Architects of a New Dawn

We’d like to show the side of the world you don’t normally see on television.

Migration : A World On The Move
Rene Wadlow, Representative to the UN, Geneva, Association of World Citizens

Today, migration policy and legislation is made largely at the national level. Thus, recent news reports from Europe have indicated that one country declared a state of emergency because of the presence of undocumented immigrants in its territorial waters. Another country dispatches asylum seekers to offshore islands in foreign jurisdictions before considering their applications. In another country, genetic testing is seen as a proper tool for coping with possible abuses of family reunification laws.

Yet migration is a world issue influenced by three dynamics:

1) Since the end of the Cold War in 1990, the pattern of geo-strategic power has shifted in the world, and migration is an issue that is inextricably linked to these changes. Migration is an issue that spans the globe and is symbolic of the new patters of power and of the post Cold War conflicts such as those of Iraq and Afghanistan.

2) The classical differences between the national, the regional, and the world levels have increasingly been blurred, creating new interdependencies. While the ideal of the free circulation of ideas, trade and finance is proclaimed by many states, there is at the national level greater limits imposed on the right of entry and the right to residency. The European Union has tried to develop a single European immigration and refugee policy at the Tampere Summit in 1999. Yet in practice, the EU policy has focused on the ‘security of borders’ — a very limited vision. No relationship exists between border security policies and the development of countries of origin.

3) The relevant political scale for dealing with and regulating migratory patterns has moved to the world level while implementation remains largely at the national level. Migratory flows have become more diverse, creating more complex and varied routes.

Human poverty, not only lack of income but also health care, scarcity of food, obstacles to education, inequality of opportunities, including gender discrimination, affect migratory flows. However, poverty is not the only factor that drives emigration. Other features are important such as the existence of social and family networks woven by migrants as well as a kind of ‘migratory imagination’ to increase access to health, education, and career-development. Thus migration is often a choice and an opportunity. It can be an empowering experience rather than just a survival strategy.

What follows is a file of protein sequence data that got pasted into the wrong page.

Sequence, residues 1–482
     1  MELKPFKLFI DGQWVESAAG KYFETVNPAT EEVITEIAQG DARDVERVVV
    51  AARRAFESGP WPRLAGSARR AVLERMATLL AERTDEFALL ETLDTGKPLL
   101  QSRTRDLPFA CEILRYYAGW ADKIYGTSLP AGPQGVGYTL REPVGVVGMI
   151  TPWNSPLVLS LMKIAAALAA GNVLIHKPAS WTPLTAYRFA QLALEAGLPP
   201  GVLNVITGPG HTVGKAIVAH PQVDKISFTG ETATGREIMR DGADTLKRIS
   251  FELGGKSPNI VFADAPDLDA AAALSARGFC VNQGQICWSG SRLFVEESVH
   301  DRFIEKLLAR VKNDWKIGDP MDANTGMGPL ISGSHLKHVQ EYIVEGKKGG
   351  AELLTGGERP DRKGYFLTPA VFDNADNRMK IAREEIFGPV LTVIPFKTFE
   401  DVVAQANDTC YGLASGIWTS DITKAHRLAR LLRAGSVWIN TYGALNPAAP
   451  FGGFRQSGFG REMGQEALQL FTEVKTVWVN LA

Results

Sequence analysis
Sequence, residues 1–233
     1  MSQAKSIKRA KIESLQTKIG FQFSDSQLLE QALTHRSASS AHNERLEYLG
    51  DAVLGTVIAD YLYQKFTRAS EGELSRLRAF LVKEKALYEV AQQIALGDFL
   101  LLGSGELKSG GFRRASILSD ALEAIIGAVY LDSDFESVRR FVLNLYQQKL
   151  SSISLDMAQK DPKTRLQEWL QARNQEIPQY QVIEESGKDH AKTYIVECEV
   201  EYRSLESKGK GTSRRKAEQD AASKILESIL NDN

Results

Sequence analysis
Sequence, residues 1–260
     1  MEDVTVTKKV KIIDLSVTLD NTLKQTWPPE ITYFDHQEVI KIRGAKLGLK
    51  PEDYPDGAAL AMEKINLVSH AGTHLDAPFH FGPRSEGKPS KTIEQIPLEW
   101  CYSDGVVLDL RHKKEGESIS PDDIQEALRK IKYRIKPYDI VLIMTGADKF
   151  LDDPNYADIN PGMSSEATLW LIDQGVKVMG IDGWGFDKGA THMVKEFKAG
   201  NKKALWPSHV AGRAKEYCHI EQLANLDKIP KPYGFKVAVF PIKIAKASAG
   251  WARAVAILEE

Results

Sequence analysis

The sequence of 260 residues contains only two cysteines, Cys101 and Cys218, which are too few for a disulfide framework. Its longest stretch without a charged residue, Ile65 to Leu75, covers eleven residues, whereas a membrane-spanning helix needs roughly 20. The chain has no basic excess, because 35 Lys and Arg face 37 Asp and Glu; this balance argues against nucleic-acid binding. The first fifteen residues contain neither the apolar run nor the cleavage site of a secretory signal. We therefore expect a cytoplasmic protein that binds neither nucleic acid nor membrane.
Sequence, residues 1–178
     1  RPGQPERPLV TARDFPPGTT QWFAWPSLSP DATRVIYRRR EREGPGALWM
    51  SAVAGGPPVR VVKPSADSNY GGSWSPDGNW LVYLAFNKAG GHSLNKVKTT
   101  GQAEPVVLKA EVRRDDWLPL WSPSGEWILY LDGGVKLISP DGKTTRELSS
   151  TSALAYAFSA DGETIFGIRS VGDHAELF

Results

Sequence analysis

A new quality of discussion on migration has been started by the United Nations such as the High-level Dialogue on Migration and Development in 2006 and the Global Forum on International Migration and Development in 2007. As UN Secretary General Ban Ki-Moon has stated a world migration policy requires that we “understand what we, as policymakers, can do to maximize the benefits of migration for development, while ensuring that development leads to qualitatively better migration.

An important challenge is the promotion of the human rights of migrants in the countries of origin, transit and destination. When the human rights of migrants are ignored or curtailed, their capacity to contribute to the development of their own country and of host societies is undermined. Thus, as citizens of the world, we call for a true world policy on migrations in which migrants themselves have a say. As migration is a defining feature of the contemporary world, your participation in forming policy recommendations is welcome.

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Comment by Christa Lore Urban on August 21, 2009 at 12:32am
This trully is a global issue. I am sure it will be difficult to obtain consensus. Human rights and dignity of all must be considered. Everyone seeks to have the best life possible. Would support to the nations with the highest exodus help? In the US policies have not stopped the flow. I see it as the long standing struggle of the haves and have nots. This trully is a difficult issue, my feeling is education and adequate infrastructure as well as healthcare could help reduce the flow. Less money to weapons more money for schools.
Thank you for sharing this
Best Regards


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